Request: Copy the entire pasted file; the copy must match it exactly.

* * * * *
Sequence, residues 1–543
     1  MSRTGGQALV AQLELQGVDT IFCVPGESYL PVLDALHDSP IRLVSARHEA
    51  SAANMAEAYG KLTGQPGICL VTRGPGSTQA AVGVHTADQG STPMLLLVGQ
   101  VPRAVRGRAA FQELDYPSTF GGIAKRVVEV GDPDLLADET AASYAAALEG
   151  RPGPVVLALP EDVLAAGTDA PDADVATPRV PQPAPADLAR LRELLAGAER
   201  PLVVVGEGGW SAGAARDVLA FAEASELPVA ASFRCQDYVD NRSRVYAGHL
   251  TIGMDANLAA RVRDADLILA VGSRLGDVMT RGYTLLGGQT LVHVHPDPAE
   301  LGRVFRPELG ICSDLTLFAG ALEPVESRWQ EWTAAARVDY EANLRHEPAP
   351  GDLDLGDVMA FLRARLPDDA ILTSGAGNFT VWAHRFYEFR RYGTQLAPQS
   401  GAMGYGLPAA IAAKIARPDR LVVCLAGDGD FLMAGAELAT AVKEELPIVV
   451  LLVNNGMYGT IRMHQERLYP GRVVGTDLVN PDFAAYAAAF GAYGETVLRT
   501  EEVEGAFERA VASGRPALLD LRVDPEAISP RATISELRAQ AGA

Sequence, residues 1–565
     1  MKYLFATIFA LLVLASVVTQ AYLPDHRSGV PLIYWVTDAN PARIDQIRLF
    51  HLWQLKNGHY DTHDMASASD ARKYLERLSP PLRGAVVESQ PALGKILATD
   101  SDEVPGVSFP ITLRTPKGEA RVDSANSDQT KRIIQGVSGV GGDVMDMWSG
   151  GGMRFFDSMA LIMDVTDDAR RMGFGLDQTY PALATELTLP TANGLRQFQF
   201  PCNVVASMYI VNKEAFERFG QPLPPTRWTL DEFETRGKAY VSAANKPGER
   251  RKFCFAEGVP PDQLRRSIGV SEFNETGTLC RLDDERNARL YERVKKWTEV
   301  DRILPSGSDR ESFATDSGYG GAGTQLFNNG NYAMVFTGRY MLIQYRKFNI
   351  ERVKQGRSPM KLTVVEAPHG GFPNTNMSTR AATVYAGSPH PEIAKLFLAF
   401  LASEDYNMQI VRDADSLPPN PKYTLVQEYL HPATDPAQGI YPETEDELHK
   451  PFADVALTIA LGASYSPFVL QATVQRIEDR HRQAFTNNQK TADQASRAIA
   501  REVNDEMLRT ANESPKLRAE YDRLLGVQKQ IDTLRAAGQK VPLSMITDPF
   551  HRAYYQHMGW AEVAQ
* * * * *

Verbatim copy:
Sequence, residues 1–543
     1  MSRTGGQALV AQLELQGVDT IFCVPGESYL PVLDALHDSP IRLVSARHEA
    51  SAANMAEAYG KLTGQPGICL VTRGPGSTQA AVGVHTADQG STPMLLLVGQ
   101  VPRAVRGRAA FQELDYPSTF GGIAKRVVEV GDPDLLADET AASYAAALEG
   151  RPGPVVLALP EDVLAAGTDA PDADVATPRV PQPAPADLAR LRELLAGAER
   201  PLVVVGEGGW SAGAARDVLA FAEASELPVA ASFRCQDYVD NRSRVYAGHL
   251  TIGMDANLAA RVRDADLILA VGSRLGDVMT RGYTLLGGQT LVHVHPDPAE
   301  LGRVFRPELG ICSDLTLFAG ALEPVESRWQ EWTAAARVDY EANLRHEPAP
   351  GDLDLGDVMA FLRARLPDDA ILTSGAGNFT VWAHRFYEFR RYGTQLAPQS
   401  GAMGYGLPAA IAAKIARPDR LVVCLAGDGD FLMAGAELAT AVKEELPIVV
   451  LLVNNGMYGT IRMHQERLYP GRVVGTDLVN PDFAAYAAAF GAYGETVLRT
   501  EEVEGAFERA VASGRPALLD LRVDPEAISP RATISELRAQ AGA

Sequence, residues 1–565
     1  MKYLFATIFA LLVLASVVTQ AYLPDHRSGV PLIYWVTDAN PARIDQIRLF
    51  HLWQLKNGHY DTHDMASASD ARKYLERLSP PLRGAVVESQ PALGKILATD
   101  SDEVPGVSFP ITLRTPKGEA RVDSANSDQT KRIIQGVSGV GGDVMDMWSG
   151  GGMRFFDSMA LIMDVTDDAR RMGFGLDQTY PALATELTLP TANGLRQFQF
   201  PCNVVASMYI VNKEAFERFG QPLPPTRWTL DEFETRGKAY VSAANKPGER
   251  RKFCFAEGVP PDQLRRSIGV SEFNETGTLC RLDDERNARL YERVKKWTEV
   301  DRILPSGSDR ESFATDSGYG GAGTQLFNNG NYAMVFTGRY MLIQYRKFNI
   351  ERVKQGRSPM KLTVVEAPHG GFPNTNMSTR AATVYAGSPH PEIAKLFLAF
   401  LASEDYNMQI VRDADSLPPN PKYTLVQEYL HPATDPAQGI YPETEDELHK
   451  PFADVALTIA LGASYSPFVL QATVQRIEDR HRQAFTNNQK TADQASRAIA
   501  REVNDEMLRT ANESPKLRAE YDRLLGVQKQ IDTLRAAGQK VPLSMITDPF
   551  HRAYYQHMGW AEVAQ